— LERC Chairman Sekajibo
The Liberia Electricity Corporation has been given the authority to disconnect several government agencies that are ‘delinquent and persistent debtors’ — denying the national grid operator more than US$ 1 million in revenue and creating problems for effective service.
The agencies, which are 11 in all, include the Monrovia City Corporation, headed by Mayor Jefferson Koijee, a stalwart in the ruling Coalition for Democratic Change government; the Environmental Protection Agency; Liberia Institute of Statistics and Geo-Information Services; and the University of Liberia.
Combined, these agencies, along with the Independent National Human Rights Commission, National Housing Authority, National Transit Authority, National Aids Control Program, National Disaster Management Agency, National Drug Service, and National Oil Company of Liberia, owe the LEC US$1,321,196 for the supply of electricity services.
The debt, according to the Board of Commissioners of the Liberia Electricity Regulatory Commission (LERC), which is headed by Dr. Lawrence Sekajipo, has described the agencies concerned as neglectful and chronic debtors.
“The LERC expressed dissatisfaction that several public agencies have accrued an energy debt of US$1,321,196 for the supply of electricity services by LEC,” a release from the energy regulator said. “The Commission calls on the management of the LEC to immediately embark on a massive disconnection exercise of “these delinquents and persistent debtors.”
The LERC order comes after President George Weah a month ago instructed the LEC to disconnect anyone who is not paying their bills or who has an illegal connection, regardless of their status.
The President gave the order during an energy sectoral meeting he hosted with diplomatic partners as well as other officials of the government, to find an amicable solution to the electricity nightmare in the country.
“We also receive a commitment from the President to disconnect anyone who is not paying their bills or who has an illegal connection, regardless of whether you are a government official or a government entity, and electricity is something that is not free,” said Monie Captan, the Chairman of the Board of Directors at LEC.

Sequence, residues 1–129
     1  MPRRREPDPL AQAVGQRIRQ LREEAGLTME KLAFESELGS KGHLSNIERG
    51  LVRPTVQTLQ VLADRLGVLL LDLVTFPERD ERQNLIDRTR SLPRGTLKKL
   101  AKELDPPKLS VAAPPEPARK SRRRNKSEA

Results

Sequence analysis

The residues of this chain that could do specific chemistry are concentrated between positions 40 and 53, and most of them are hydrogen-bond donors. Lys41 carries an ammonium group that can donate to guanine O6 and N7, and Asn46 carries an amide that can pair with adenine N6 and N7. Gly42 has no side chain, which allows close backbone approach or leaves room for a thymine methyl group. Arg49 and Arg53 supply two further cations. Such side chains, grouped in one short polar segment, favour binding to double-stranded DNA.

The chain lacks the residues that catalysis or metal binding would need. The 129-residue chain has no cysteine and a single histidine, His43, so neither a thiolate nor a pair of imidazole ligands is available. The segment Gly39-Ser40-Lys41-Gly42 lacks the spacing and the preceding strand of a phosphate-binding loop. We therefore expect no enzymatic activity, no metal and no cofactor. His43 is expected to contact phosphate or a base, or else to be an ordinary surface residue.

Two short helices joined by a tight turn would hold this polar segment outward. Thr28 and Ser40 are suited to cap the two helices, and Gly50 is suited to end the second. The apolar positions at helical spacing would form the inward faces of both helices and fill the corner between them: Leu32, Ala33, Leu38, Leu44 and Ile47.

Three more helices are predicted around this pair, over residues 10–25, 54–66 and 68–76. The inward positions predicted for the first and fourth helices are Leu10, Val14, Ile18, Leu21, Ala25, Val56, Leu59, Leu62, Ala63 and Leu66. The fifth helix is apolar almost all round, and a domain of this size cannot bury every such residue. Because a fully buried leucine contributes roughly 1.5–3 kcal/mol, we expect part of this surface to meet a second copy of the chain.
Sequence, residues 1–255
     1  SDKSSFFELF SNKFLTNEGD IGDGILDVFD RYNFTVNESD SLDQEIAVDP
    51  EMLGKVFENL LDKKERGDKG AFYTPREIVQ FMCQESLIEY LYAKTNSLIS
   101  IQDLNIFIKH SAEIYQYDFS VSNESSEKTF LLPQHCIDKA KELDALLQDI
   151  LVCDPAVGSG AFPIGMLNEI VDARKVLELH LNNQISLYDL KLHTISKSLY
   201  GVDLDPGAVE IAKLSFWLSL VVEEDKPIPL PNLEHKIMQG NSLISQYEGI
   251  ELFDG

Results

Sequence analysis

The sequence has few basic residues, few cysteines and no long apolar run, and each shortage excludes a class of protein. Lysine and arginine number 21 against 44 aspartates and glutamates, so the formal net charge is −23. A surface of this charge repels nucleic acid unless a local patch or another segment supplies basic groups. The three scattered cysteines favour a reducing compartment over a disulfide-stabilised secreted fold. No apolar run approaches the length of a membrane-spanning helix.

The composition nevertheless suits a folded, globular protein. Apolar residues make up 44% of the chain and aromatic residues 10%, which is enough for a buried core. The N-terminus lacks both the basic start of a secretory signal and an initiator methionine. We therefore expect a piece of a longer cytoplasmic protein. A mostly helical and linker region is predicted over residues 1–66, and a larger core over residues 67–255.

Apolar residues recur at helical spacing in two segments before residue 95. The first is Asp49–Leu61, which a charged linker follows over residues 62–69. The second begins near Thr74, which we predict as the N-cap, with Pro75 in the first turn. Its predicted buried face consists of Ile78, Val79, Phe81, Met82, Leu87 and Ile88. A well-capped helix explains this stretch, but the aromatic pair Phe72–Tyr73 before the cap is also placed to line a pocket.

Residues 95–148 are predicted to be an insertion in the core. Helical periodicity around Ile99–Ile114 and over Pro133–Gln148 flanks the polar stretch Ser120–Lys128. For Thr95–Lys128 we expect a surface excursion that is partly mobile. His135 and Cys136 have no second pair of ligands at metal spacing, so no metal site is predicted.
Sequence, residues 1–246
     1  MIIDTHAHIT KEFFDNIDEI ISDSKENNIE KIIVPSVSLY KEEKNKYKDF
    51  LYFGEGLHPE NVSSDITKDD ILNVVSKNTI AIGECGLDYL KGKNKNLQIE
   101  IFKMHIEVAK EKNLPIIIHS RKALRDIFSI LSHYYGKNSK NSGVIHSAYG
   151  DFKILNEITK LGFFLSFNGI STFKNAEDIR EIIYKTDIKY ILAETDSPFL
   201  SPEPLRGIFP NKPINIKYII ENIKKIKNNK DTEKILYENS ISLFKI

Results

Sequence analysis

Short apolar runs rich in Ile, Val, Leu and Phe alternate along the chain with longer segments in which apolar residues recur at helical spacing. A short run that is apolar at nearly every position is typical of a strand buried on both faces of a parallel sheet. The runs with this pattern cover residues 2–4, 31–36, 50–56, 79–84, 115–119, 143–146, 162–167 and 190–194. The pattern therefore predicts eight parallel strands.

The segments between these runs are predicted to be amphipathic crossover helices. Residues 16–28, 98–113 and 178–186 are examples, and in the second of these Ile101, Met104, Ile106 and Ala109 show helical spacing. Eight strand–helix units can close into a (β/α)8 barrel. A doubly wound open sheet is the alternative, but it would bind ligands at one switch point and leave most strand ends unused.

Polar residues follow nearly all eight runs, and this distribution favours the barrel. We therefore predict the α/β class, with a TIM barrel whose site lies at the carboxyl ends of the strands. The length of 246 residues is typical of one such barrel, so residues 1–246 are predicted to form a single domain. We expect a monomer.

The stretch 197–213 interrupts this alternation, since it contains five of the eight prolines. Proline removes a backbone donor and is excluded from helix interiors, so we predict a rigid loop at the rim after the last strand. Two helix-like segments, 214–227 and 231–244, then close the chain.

The LERC, in defense of its order, argued in the release that the move is not illegal but wants to be carried out in accordance with Regulations 28 of the Customer Service and Quality of Supply Regulations which provides that “A service provider may disconnect service to a customer when the customer: fails to pay a bill for the service for more than 14 days from the date of the delivery of the demand for payment by the service provider.”
The LREC added that LEC informed them as a regulator that several autonomous agencies and commissions of government have failed to settle their energy debts and were now in a “delinquent status” with the corporation — leaving it short of funds needed for effective service.
“The commission supports LEC’s decision that persistently defaulting customers and illegal electricity consumers are immediately disconnected by the Corporation,” the release noted.
“There remains a compelling need for consumers of electricity to continue to pay their bills to ensure that the public electricity utility, the Liberia Electricity Corporation, generates enough revenue to provide a reliable and stable service to the people of Liberia.
Meanwhile, apart from the issue of delinquent payment, the LEC suffers from chronic power theft, which has been criminalized and can lead to more than two years of jail term and a fine.
Power theft is being practiced by both the rich and the poor — creating a situation where 60% of the electricity generated by the state-owned power utility becomes stolen through illegal connections. These illegal connections, which are something carried out by LEC staff, have for four years also robbed the corporation of much-needed cash to extend the power supply.
So far, less than 20% of Liberians have access to electricity; however, the government has set itself the target of rolling out electricity to 70% of Monrovia's population of more than one million by 2030.
But such ambition is highly unlikely when LEC, according to its manager, is losing 60 percent of its revenue to power theft, amounting to more than US$4 million monthly.